BUDAPEST — Citing double jeopardy, a Hungarian court suspended the trial of war criminal and ex-Montrealer Laszlo Csizsik-Csatary three weeks after its start in Budapest.
In suspending the trial on July 8, the Metropolitan Tribunal of Budapest said Csatary, 98, already may have been convicted and sentenced for some of the crimes attributed to him, the Hungarian news agency MTI reported. The crimes include torturing Jews and deporting them to their deaths during World War II.
Csatary, a former police commander of the Kassa internment camp in Slovakia, was sentenced to death in absentia for his crimes in 1948 by a Czechoslovakian court after he fled to Canada.
He arrived in Canada in 1949, claiming to be a Yugoslav natural. He settled in Montreal and became an art dealer, acquiring citizenship in 1955.
The Budapest Prosecutor’s Office told MTI the earlier ruling was immaterial to the trial in Budapest and that the prosecutors would appeal the suspension.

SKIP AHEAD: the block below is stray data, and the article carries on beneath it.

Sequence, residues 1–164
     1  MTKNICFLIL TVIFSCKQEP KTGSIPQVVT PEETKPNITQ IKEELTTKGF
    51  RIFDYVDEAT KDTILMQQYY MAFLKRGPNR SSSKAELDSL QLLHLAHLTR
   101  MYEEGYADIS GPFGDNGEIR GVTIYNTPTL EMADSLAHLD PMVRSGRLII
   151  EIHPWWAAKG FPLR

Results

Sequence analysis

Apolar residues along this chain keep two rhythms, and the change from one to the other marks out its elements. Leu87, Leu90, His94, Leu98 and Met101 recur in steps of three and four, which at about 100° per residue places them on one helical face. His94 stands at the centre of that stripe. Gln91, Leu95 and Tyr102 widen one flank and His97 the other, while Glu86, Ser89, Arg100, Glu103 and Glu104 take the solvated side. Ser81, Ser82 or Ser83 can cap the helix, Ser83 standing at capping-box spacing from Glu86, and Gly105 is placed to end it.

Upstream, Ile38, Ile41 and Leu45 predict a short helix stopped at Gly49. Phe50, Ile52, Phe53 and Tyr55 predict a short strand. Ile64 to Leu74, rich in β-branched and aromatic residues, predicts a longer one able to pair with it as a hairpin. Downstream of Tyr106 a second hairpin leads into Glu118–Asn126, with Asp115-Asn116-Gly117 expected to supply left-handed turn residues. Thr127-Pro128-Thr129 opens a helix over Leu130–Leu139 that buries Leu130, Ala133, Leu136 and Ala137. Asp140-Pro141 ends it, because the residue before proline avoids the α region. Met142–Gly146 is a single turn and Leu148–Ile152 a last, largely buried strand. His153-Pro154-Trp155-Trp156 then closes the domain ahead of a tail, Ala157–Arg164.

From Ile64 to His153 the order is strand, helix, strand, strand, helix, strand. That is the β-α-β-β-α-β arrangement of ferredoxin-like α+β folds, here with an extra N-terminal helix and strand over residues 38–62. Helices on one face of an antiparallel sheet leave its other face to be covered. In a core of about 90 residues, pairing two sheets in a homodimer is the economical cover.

Csatary was deported from Canada in 1997 after the federal cabinet revoked his citizenship and was indicted in Hungary last year, where he resided under his own name since his deportation. He was discovered by the Simon Wiesenthal Center and arrested last year following an expose on him in the British paper The Sun. He was indicted last month, nearly a year after his arrest.
Slovakia has asked that Csatary be extradited to face additional charges, but Hungary has declined the request.
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